What is BEC?
BEC stands for Business Email Compromise, a form of email-based cyber crime most commonly used to trick email recipients into releasing money or information by posing as a known and trusted sender.
Typically a BEC attack will identify a specific employee or role in the targeted company (often through freely available public information- scraping names and job titles from social media or networking websites for example) then send them a spoofed email that appears to be from Senior Management or a familiar and trusted customer making an urgent request for payment or information.
The email contains no malicious payloads or attachments and looks for all intents and purposes like a legitimate email. The recipient, believing they are acting under the relevant authority will often proceed to action the request resulting in financial loss or a data breach. What’s worse, more often than not once an attack has succeeded once it’s likely there will be further attacks to follow- the attackers will keep ringing the bell as long as someone is opening the door.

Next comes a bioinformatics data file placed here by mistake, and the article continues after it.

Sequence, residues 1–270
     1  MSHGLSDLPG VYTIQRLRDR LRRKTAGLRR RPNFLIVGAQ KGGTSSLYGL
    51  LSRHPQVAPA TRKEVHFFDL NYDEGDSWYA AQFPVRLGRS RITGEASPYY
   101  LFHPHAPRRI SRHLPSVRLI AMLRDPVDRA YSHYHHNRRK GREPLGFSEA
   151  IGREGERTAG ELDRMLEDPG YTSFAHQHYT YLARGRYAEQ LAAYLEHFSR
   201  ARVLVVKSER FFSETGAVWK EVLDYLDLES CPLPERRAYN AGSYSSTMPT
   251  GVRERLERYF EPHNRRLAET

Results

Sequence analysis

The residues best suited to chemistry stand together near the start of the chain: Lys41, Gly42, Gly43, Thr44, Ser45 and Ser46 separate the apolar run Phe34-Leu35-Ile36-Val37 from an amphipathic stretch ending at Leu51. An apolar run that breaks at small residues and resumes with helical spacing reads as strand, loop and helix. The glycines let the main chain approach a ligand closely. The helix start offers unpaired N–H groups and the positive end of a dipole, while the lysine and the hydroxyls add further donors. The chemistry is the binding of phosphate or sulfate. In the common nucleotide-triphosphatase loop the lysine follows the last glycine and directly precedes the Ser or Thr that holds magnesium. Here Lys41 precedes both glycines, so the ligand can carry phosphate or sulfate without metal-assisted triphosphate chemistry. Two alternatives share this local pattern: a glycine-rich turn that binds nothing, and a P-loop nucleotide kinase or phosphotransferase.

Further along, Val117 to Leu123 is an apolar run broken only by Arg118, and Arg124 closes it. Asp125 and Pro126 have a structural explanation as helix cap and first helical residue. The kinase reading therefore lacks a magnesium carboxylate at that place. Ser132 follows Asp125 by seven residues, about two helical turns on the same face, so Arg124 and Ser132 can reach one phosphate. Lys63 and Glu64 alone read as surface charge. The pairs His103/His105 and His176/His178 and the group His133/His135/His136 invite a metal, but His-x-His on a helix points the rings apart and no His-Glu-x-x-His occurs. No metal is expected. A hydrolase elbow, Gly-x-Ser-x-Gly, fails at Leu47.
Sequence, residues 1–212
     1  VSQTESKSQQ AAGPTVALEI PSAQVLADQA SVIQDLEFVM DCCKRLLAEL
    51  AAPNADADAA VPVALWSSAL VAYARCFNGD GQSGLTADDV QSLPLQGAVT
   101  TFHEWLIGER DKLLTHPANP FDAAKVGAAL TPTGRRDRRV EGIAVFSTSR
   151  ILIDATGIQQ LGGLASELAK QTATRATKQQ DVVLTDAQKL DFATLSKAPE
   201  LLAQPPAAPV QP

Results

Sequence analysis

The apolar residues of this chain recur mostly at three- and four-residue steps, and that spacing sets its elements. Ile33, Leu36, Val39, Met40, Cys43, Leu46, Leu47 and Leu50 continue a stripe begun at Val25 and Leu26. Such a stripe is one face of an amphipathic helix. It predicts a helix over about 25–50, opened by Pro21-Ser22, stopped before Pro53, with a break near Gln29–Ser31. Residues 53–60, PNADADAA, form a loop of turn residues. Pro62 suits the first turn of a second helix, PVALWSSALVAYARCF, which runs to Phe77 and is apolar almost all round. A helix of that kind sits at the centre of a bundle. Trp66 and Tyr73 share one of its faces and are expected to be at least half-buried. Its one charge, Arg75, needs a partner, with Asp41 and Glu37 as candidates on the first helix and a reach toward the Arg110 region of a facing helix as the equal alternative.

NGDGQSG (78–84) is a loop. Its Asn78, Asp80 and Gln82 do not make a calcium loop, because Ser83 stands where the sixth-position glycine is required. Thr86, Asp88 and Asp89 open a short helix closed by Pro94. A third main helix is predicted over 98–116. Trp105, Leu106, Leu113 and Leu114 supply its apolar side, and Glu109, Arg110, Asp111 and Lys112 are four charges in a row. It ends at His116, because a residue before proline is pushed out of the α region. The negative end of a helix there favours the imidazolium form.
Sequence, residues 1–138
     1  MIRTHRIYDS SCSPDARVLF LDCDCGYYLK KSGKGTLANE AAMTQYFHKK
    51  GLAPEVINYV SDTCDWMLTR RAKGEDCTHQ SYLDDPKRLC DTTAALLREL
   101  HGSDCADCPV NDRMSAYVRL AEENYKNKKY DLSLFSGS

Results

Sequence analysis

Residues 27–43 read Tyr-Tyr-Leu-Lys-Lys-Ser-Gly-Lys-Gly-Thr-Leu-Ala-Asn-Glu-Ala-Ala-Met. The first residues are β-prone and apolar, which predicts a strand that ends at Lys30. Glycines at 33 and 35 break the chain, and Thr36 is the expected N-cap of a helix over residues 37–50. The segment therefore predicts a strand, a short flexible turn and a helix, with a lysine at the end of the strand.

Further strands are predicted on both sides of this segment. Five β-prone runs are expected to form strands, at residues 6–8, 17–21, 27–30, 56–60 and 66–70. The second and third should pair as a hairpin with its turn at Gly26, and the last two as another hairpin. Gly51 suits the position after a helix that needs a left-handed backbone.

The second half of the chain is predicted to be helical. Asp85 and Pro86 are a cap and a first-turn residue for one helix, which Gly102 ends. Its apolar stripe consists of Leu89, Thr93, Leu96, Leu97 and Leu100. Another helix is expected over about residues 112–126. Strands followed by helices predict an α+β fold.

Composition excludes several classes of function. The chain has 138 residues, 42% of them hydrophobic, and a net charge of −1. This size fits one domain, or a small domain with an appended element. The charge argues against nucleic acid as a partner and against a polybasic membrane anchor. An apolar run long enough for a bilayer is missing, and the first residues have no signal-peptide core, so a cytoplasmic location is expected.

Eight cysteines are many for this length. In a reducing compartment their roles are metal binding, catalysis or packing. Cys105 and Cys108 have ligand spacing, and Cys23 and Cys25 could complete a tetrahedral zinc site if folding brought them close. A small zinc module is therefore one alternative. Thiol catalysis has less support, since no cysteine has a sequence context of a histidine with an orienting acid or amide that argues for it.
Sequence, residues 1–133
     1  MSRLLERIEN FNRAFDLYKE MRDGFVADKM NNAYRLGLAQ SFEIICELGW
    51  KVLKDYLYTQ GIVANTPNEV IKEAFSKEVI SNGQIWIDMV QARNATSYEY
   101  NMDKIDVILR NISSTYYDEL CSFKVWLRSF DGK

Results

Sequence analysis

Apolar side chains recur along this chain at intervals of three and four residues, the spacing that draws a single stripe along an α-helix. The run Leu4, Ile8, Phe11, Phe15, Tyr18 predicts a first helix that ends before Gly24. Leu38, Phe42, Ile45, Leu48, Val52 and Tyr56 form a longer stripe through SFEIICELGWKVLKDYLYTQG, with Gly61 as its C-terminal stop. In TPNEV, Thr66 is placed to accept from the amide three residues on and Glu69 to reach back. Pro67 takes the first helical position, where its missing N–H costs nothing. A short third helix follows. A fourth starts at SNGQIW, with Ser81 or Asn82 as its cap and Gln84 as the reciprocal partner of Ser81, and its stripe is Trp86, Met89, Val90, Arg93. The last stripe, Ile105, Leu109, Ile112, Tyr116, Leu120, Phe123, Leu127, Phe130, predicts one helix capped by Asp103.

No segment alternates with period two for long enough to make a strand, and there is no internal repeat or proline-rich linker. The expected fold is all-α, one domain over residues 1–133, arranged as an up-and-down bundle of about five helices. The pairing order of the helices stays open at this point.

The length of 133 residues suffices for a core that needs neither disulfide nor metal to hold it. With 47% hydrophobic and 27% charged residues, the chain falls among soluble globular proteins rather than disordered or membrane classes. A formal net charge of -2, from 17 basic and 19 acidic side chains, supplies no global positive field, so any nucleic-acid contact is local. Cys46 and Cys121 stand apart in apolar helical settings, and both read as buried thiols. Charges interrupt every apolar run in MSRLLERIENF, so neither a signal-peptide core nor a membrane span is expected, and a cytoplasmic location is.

Educating staff on the business processes and how to spot fraudulent emails the main defence against BEC, although fraudsters will often acknowledge the extraordinary nature of the request in an attempt to explain any deviation from standard procedures.
BEC is reported to have netted cyber criminals over $5 billion between 2016 and 2018 alone, so it has potentially huge returns for minimal risk.
Though tricky to stop completely, to effectively guard against BEC (and other spear phishing or social engineering attacks) it’s key to have clearly defined procedures and practices communicated to staff at every level of the business, so staff have the knowledge and the backing to challenge and validate anything out of the ordinary.